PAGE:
yarddawg -- Spencer? That's not exactly a good example to use for the state as a whole. And the 2011 Census estimates are just that...estimates. They've been terribly wrong quite a number of times when estimating growth here (and we're not the only place). I will say that those same estimates place Tennessee as the 12th fastest growing state by raw numbers.
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Old 02-06-2013, 05:01 PM
 
Location: Sango, TN
24,889 posts, read 20,327,161 times
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Quote:
Originally Posted by nashvols View Post
Just a quick note...a lot of these comments hold true for certain areas and not others. Services vary statewide. Population change varies statewide. Pretty much like everywhere else.

Most rural areas are seeing stagnant or negative population change...but it's not true with all of them. Same goes for small towns. These areas also typically have the worst employment outlook and struggling economies.

The cities and their surrounding areas tend to be doing a bit better. Nashville & area are leading in the growth department. Both Nashville and Knoxville have decently low unemployment rates. Chattanooga is doing pretty well, too...though not as hot as the above two. Memphis lags behind the rest, but isn't really "struggling" IMO. Things seem to be improving there. The mid size cities and towns are somewhere in between pretty good and mediocre.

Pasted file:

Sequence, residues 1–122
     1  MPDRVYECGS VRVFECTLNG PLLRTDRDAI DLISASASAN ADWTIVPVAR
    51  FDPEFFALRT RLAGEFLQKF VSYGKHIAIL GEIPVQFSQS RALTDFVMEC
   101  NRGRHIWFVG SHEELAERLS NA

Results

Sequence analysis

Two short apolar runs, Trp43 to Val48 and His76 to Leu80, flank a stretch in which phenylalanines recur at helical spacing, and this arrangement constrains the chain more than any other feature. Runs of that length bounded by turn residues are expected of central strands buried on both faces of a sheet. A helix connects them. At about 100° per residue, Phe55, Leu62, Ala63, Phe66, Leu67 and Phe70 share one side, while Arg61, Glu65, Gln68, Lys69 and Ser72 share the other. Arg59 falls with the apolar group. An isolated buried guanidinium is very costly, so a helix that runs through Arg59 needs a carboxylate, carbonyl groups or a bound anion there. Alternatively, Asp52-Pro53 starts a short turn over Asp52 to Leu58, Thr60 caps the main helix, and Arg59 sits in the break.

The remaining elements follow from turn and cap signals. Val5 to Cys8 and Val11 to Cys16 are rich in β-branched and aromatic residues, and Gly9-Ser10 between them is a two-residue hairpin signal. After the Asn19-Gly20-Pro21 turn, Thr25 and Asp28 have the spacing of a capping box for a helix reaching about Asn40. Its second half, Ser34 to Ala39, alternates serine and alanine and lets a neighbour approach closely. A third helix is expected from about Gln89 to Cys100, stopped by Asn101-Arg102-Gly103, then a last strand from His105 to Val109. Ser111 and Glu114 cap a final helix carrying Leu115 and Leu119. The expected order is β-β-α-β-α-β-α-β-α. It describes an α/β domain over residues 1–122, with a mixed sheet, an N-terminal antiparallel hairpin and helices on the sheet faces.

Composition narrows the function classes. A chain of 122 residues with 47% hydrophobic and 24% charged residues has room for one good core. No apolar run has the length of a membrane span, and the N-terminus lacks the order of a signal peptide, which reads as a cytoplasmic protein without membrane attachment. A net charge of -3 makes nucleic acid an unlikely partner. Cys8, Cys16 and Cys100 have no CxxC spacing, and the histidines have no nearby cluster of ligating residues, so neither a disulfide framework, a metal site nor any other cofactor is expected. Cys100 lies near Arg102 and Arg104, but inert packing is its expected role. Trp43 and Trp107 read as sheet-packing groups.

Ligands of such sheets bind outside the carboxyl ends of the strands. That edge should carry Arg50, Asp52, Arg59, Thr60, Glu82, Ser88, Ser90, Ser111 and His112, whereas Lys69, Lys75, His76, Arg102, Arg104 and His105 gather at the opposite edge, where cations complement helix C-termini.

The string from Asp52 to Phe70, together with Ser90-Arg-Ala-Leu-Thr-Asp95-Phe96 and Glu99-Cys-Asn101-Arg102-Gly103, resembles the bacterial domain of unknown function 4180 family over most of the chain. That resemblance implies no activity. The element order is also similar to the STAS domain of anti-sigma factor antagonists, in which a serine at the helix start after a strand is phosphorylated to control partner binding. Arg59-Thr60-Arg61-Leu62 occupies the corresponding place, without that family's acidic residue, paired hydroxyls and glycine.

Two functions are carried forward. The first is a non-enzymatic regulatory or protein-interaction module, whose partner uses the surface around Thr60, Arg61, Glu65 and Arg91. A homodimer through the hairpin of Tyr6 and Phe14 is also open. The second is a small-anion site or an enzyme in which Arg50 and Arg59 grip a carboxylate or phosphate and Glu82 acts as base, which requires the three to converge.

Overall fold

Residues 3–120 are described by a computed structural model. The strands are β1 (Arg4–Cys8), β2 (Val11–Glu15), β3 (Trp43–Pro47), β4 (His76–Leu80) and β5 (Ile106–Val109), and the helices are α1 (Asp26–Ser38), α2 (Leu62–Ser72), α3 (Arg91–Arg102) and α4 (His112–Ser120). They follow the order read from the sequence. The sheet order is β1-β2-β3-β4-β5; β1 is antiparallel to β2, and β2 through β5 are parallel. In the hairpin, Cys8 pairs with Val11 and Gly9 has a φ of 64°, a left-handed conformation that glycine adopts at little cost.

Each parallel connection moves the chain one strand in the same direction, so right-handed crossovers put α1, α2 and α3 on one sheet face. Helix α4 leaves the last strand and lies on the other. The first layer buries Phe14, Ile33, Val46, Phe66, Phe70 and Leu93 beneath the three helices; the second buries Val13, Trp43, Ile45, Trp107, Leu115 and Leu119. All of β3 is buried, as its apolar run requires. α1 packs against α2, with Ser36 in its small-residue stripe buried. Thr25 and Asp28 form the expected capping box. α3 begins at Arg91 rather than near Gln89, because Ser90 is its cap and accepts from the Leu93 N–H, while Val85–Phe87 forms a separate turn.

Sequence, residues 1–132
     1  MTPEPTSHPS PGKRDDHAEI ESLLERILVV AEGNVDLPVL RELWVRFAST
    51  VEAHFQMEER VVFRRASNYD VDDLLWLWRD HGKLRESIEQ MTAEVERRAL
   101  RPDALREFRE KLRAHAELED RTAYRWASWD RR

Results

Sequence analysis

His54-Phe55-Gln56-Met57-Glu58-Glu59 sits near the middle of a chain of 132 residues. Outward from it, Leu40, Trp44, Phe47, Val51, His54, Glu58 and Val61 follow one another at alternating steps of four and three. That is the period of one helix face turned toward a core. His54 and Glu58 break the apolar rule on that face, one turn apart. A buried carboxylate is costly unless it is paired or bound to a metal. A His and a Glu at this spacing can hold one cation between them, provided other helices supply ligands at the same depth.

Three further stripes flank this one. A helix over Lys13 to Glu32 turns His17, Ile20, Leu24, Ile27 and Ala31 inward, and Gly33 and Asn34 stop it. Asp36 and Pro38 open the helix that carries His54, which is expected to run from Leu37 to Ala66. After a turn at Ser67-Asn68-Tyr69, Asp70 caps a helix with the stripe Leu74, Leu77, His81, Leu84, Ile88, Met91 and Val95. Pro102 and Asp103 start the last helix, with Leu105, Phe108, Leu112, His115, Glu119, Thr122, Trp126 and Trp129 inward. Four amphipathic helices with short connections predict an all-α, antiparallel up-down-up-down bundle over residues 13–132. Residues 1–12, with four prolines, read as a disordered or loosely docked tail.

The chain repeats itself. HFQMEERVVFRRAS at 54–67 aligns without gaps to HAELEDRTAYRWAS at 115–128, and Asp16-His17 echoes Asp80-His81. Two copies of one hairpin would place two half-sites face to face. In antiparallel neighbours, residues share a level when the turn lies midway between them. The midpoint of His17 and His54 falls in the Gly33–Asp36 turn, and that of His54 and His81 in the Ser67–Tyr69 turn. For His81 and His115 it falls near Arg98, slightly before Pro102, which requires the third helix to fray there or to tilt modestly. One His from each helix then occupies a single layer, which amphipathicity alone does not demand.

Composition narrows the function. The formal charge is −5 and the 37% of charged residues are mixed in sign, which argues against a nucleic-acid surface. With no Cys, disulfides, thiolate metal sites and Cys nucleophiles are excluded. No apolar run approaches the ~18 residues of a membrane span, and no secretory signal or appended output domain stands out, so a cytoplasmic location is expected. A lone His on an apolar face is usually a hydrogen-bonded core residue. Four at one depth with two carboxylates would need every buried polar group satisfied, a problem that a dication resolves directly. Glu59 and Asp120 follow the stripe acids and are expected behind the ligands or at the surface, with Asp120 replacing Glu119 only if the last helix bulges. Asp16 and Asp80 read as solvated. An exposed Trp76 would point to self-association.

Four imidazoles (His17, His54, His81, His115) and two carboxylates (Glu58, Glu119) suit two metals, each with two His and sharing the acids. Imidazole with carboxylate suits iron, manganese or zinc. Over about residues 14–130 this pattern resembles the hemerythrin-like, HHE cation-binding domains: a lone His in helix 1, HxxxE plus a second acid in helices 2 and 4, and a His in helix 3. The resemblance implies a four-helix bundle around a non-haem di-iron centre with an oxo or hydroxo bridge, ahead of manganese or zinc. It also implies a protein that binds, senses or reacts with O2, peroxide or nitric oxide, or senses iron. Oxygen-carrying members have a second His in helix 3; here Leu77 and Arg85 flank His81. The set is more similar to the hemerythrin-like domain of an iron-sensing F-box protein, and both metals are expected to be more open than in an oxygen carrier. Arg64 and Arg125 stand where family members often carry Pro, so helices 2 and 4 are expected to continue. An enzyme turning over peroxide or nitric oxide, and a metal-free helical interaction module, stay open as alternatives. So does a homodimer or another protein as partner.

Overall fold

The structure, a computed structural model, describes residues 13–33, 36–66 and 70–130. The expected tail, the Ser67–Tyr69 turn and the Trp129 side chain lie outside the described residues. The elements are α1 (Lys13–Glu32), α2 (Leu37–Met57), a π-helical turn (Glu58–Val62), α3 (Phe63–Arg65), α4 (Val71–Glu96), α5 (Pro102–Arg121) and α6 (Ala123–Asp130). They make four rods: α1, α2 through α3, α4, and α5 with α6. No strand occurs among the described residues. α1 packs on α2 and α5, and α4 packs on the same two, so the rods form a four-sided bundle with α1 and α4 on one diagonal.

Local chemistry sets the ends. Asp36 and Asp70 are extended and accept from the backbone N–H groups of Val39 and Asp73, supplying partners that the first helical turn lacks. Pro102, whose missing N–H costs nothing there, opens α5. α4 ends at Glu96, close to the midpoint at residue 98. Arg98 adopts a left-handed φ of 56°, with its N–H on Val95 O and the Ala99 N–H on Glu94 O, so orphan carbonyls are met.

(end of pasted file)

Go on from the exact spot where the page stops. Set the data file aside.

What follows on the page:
yarddawg -- Spencer? That's not exactly a good example to use for the state as a whole. And the 2011 Census estimates are just that...estimates. They've been terribly wrong quite a number of times when estimating growth here (and we're not the only place). I will say that those same estimates place Tennessee as the 12th fastest growing state by raw numbers.

They said small town city services. Those are generally non existent.

What many people consider small around Nashville, is considered big to a lot of rural folks. It all depends on what you want and are looking for. Most folks moving to rural areas aren't wanting community service. Its why I asked them what they meant by services people need. I suppose I should have asked what they meant by rural.
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Old 02-06-2013, 05:29 PM
 
6,385 posts, read 10,381,162 times
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Quote:
Originally Posted by Memphis1979 View Post
They said small town city services. Those are generally non existent.

What many people consider small around Nashville, is considered big to a lot of rural folks. It all depends on what you want and are looking for. Most folks moving to rural areas aren't wanting community service. Its why I asked them what they meant by services people need. I suppose I should have asked what they meant by rural.